Chatzivaritis Estate Negoska Carbonic



# "

Bursting with fruit that is brought out from the carbonic maceration process, most famously used to make Beaujolais Nouveaux, this is a real eye-opener to the rare Negoska variety, that is usually blended with Xinomavro to produce the PDO Goumenissa wine. 

Type: Dry Red
Varietal Composition: 100% Negoska
Region: Linear layout of organic farming in Fyliria (Goumenissa wine region), Northern Greece
Soil: Medium-textured clayey-sandy
Winemaking: Very careful selection of whole bunches of Negoska grapes that undergo 10 days carbonic maceration. They are then carefully pressed and spontaneous fermentation takes place in stainless steel tank with no additions. On lees for 6 months. Unfined and unfiltered, with a small amount of sulfites (40mg/L total sulfites).

Tasting Characteristics: Lively red color with an intense nose of dried strawberry, red fruits, spices, some green notes and balsamic. Good acidity and discreet tanins.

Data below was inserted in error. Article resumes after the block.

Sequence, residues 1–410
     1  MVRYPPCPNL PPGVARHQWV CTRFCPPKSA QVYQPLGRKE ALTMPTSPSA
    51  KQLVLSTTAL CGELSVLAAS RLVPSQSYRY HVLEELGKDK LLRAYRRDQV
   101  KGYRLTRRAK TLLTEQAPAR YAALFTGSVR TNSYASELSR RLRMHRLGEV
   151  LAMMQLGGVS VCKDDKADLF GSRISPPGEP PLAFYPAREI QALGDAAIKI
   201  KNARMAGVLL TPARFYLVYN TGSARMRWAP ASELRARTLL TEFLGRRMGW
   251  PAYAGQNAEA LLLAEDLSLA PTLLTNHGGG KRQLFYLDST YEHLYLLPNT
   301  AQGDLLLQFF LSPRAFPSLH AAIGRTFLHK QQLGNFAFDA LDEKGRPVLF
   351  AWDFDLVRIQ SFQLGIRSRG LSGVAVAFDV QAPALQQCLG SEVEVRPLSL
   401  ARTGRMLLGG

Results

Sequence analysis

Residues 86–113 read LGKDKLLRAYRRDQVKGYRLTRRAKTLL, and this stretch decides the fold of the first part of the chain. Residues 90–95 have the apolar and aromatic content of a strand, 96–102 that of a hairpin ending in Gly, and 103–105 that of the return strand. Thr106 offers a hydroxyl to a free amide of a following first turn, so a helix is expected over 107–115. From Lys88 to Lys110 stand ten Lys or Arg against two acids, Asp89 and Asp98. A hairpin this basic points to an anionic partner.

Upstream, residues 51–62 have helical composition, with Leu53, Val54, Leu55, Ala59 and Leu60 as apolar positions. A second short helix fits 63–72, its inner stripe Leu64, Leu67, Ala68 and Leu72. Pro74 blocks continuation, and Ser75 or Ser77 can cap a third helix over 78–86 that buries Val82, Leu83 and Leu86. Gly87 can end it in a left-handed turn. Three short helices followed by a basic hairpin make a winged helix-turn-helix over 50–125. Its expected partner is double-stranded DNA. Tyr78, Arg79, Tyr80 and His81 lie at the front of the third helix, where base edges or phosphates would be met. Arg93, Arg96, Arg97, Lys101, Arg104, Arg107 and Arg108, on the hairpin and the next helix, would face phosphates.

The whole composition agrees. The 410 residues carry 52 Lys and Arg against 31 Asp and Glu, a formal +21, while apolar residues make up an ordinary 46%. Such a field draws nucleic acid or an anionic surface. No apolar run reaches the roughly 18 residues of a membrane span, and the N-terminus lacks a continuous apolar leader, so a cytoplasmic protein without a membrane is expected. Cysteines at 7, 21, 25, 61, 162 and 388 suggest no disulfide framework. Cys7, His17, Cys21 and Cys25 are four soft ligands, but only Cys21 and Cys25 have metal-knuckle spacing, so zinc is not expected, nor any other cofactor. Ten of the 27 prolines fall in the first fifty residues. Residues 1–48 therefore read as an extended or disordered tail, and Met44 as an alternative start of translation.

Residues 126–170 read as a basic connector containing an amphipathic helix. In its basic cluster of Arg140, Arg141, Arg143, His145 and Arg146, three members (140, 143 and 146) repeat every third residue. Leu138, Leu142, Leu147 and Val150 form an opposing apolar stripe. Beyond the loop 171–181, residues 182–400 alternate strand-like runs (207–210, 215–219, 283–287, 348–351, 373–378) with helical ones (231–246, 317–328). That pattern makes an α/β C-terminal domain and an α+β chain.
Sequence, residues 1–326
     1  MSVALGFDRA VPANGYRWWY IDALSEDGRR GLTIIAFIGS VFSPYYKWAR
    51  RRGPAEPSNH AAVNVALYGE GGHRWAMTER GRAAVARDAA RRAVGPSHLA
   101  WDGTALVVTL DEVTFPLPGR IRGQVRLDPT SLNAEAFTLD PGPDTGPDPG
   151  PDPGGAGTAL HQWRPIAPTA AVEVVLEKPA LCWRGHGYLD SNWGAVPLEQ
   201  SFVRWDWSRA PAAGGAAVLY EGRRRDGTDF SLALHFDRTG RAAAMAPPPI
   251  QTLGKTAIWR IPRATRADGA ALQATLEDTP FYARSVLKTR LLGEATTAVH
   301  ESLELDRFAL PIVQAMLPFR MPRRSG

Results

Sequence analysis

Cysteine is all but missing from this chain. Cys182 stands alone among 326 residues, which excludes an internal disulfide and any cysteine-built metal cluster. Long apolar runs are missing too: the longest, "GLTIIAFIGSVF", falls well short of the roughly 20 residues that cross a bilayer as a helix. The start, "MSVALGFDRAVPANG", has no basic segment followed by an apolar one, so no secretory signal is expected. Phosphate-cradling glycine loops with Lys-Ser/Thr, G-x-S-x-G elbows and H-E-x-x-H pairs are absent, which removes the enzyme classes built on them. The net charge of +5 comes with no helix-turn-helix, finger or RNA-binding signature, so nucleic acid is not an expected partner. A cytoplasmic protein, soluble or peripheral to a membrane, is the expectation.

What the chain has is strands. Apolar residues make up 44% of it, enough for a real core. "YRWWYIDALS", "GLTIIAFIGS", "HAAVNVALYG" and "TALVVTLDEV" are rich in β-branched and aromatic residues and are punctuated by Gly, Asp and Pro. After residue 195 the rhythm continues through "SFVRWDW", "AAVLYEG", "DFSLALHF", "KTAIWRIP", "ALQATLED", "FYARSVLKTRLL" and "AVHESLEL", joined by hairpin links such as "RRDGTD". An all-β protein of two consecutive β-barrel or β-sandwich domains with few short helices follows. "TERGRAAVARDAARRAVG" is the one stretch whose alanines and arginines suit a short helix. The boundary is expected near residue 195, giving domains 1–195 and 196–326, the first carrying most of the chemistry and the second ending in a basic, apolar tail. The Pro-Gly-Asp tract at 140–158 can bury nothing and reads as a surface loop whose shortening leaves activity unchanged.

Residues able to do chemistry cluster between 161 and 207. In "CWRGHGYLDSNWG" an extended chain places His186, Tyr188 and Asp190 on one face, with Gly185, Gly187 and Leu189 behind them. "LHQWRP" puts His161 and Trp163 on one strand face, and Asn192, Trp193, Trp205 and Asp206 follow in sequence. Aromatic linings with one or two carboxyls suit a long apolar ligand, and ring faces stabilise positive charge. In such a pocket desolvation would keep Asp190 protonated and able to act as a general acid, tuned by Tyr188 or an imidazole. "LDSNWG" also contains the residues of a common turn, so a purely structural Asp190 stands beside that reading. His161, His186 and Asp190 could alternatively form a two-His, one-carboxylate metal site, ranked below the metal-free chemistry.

Analysis:
ABV: 10.8%
TA: 4.80 g/L
pH: 4.15
Free SO2: 15ppm
Total SO2: 32ppm

The Winemaker

Today the vineyard of Domaine Chatzivariti consists of 120 acres . Emphasizing the quality of the grapes , soil fertility and environmental protection organic farming was chosen. Chatzivaritis Estate focuses on the Greek varieties of Xinomavro, Negoska, Roditis and Assyrtico, and also cultures the popular Sauvignon Blanc, Merlot, Chardonnay  and Cabernet Sauvignon in smaller areas.

In 1994 the first 50 acres vineyard in Bindabla area (light-textured sandy loaw soil) were planted. Expansion of the vineyard was inevitable and it was done gradually in the area of Filyria (medium –textured sandy clay soil). Today the vineyard of Domaine Chatzivariti  consists of 120 acres . Emphasizing the quality of the grapes , soil fertility and environmental protection organic farming was chosen .

Local storytelling says that the indigenous Greek varieties of the Xinomavro and the Negroska from which the P.D.O. Goumenissa Chatzivaritis is produced, was the wine of choice of Philip, the King of Macedonia, father of Alexander the Great. Further to this, legend also has it that great quantities of wine from the region were transferred during the 1st World War to France because it was so exquisite.

As the Vangelis Chatzivaritis says on the above: "Our story is far less grandiose. But it is a story made out of long summer Mediterranean-style family gatherings, endless late night discussions intoxicated by the love for winemaking and a wine that speaks for itself."